Our definition of Organization Development: OD is a systematic change process to improve the performance of the organization, with the following characteristics:
- The change is planned. The plan is based on a "diagnosis" (research, assessment) of the organization.
- OD has a holistic approach: it considers people, processes, systems and structures. OD combines business and operational disciplines with Organizational Behavior.
- The "People" part is central in Organization Development. The change is planned and implemented via PARTICIPATION of employees.
- OD works in continuous improvement cycles of Research - Planning - Implementation; - Research - Planning - Implementation; - Research - Planning - Implementation; ...This method is often referred as "Action Research". The Research phase often called "Diagnosis" or "Evaluation". The Implementation phase is often referred to as "Intervention".
For example, we have been working with a Client for seven years, going through five cycles. The first Diagnosis consisted individual interviews with the AP VP (the number one decision maker) and each member of the Executive Committee, and an employee survey (the predecessor of ODMap). The first round interventions were: team building and soft-skill training for the Executive Committee; individual coaching to some of the committee members; and setting up an employee suggestion system. Since that we have completed the employee survey five times. They have gone through tremendous changes. The last time the improvement actions were: 1)Setting up a new process for dealing with slow moving stocks; 2)Reforming the financial approval processes; 3)Fine-tuning the sales bonus system. All the detailed plans have been worked out by cross-departmental teams, and implemented after the review and approval of the Exec Committee. The organization (the company in China) has only 300 people in total, but now they have a senior OD Manager on board. And the result? The company has been established for 10 years in China when we started to work with them, and they have been quite successful already that time. Since then they were able to grow their revenue five fold, while increasing their margin. They were able to do that in a very tough external environment. And they did it with exactly the same headcount - they are still under 300 people just as seven years ago when we started working with them. Of course, many things supported such an excellent result: investment in facilities, IT, training, and changing some people at the very top.
BPI, IT supported new processes, training, coaching, optimizing people - job fit, reorganizations... could be many things really.
What is good about OD? Why is it important?
OD is a method that:
Improves employee engagement. Employees gain more information about the organization and it's challenges. The relevant employees participate in the design of the change, therefore they understand it better and support it more.
- Creates effective change. The diagnosis reveals the root causes, and the "systemic" or "holistic" approach, the simultaneous changes in people (attitudes/knowledge/skills/behavior) and in relevant work processes and structures make the change happen and stick.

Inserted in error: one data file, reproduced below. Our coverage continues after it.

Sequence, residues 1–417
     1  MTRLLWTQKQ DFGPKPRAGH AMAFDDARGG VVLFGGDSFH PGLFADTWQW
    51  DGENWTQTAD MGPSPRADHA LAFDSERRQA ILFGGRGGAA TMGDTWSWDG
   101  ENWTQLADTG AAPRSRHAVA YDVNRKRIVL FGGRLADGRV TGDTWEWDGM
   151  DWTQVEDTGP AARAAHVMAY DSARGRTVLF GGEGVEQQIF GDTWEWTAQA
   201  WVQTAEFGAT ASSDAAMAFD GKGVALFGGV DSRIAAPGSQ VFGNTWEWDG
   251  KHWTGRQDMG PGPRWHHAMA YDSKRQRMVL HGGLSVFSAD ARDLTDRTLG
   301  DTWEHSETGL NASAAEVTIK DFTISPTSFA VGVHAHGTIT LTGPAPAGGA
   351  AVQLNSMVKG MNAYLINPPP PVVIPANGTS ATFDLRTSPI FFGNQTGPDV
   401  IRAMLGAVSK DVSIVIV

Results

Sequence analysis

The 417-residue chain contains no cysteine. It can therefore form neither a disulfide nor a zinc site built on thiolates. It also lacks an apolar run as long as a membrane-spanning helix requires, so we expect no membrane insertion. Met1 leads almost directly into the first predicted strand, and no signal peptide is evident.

- Enhances teamwork and collaboration. The change is typically designed and implemented by cross-functional teams, and it breaks down the barriers of cooperation.
- Enhances individual learning, growth and self esteem. As people are tackling in teams the toughest challenges that the organization is facing, they practice new skills, they can realize more of their potential, and they become more proud of their work.
- Improves the vitality of the organization: it's ability to solve problems and react to changes better; it's ability to serve customers better and create more value. It keeps the organization agile and intelligent. Both the organization and the employees can fulfill more of their potential.
Conditions. What is needed to make OD t work?
The following criteria decide whether OD is suitable for you.
1. Top management support. OD requires the support of the number one decision maker, and it typically involves the entire senior management team.
2. Having an OD Practitioner. Someone who understands the OD process, and can guide it to success. Someone who has the needed OD tools and methods. The OD Practitioner can be an employee or an external consultant, what matters that she has to be trusted and respected by the senior managers in the organization, and she needs to be able to influence senior managers effectively.
3. Humanistic values of the organization. The organization's leaders need to believe in and support a culture of "employee engagement". The participatory processes don't work well in an atmosphere of fear. OD doesn't work in companies where employees are considered as resources to exploit, potential trouble-sources who are better to be "kept in the dark".
Isn't it the same as Kaizen or TQM?
The philosophy is very similar, and there are great overlaps between these approaches. However there are slight differences in the emphasize and the tools. Kaizen and TQM focus more on the technical side of the processes, OD has more focus on the people skills. OD tools include employee surveys, team scan, psycho-metrics, 360. Beside process changes, OD interventions often include learning activities: training, coaching, action learning, future-shaping workshops, "open space" events.
Sounds good - how to start?
The good thing about OD is that you can start with small steps. Select an OD practitioner and order a diagnosis with suggestions, and take it from there...
Enjoy the journey!